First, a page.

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post #25 of 29 (permalink) Old 03-14-2017, 02:37 PM
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Put the engine on the floor in a stable position, leaning on one cylinder row, and then you use the long bar. Nothing will topple.

G.
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post #26 of 29 (permalink) Old 03-14-2017, 02:50 PM
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.
No offense but Milwaukee Fuel is a joke in my case... My Bosch Pro impact driver is top of the range and not anywhere near close enough powerful to do the job.
None taken. Bosch is nice. The M18 (half inch drive) lists 600lb/ft break force and 450lb/ft tightening. That should be enough to do front wheel drive axle nuts let alone crank pulleys but yours sounds special - good luck.

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post #27 of 29 (permalink) Old 03-14-2017, 05:46 PM
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If a PO used a high strength Locktite then you need to use heat to soften the glue enough to remove the nut (in addition to lots of leverage/impact).

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post #28 of 29 (permalink) Old 03-14-2017, 11:41 PM Thread Starter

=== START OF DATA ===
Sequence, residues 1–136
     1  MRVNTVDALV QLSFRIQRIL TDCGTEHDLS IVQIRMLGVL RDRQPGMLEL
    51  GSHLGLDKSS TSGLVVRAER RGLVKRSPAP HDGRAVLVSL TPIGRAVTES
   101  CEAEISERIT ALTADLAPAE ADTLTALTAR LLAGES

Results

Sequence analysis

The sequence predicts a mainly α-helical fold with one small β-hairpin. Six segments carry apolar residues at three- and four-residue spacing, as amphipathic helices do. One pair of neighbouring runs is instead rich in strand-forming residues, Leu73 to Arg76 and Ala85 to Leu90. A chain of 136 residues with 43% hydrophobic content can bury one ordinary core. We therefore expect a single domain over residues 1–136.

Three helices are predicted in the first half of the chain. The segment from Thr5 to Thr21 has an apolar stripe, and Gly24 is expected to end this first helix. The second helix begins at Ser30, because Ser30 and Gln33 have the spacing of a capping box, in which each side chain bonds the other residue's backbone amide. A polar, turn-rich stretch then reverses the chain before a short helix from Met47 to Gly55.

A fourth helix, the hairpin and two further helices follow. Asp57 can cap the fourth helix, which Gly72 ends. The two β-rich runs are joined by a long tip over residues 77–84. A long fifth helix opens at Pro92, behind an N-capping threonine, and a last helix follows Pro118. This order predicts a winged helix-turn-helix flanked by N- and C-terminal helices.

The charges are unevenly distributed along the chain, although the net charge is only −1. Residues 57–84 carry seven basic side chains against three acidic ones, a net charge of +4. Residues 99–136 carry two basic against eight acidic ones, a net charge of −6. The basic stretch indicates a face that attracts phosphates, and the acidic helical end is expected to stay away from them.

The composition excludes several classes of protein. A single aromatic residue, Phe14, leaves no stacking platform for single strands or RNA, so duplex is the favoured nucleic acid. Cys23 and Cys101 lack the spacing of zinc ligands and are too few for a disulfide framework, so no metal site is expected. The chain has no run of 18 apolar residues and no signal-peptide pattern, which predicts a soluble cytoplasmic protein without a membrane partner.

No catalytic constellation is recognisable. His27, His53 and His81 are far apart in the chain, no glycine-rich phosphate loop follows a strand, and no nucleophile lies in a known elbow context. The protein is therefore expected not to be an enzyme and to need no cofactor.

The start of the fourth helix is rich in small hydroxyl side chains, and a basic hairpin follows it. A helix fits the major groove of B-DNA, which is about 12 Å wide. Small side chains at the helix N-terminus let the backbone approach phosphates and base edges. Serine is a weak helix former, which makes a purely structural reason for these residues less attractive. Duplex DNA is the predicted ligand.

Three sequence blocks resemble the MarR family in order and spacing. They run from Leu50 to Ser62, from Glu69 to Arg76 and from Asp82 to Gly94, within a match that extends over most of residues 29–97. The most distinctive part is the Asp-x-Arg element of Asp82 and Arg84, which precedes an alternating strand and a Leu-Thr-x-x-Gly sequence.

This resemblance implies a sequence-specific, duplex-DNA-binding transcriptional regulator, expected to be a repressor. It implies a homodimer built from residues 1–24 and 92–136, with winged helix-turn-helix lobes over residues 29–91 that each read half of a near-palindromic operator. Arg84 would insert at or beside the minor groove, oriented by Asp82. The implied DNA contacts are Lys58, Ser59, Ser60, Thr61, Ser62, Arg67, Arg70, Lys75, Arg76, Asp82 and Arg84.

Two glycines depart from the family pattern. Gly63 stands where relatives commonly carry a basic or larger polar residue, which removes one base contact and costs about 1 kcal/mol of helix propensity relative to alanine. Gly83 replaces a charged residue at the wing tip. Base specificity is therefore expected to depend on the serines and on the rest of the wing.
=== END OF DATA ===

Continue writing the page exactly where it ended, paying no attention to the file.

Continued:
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Very true but it looks as if the previous owner hadn't touched the bottom half of the engine.

For things that are 'supposed' to last only 30,000 miles, the water pump bearing actually felt pretty good... and it looks as if it may be the original. I'm changing it anyway though for peace of mind.

Looks like the previous owner had taken the car apart before but not not to the extent that I have and not necessarily rebuilt it 'by the book'.

1975 Giulia GT1300 Junior, 1981 GTV6, some modern German stuff, and a 1958 Messerschmitt KR201.
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post #29 of 29 (permalink) Old 03-17-2017, 02:42 PM
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Racingswim2006->> delete some of your PMs then PM me again. I have the megasquirt ecu you replied to last week.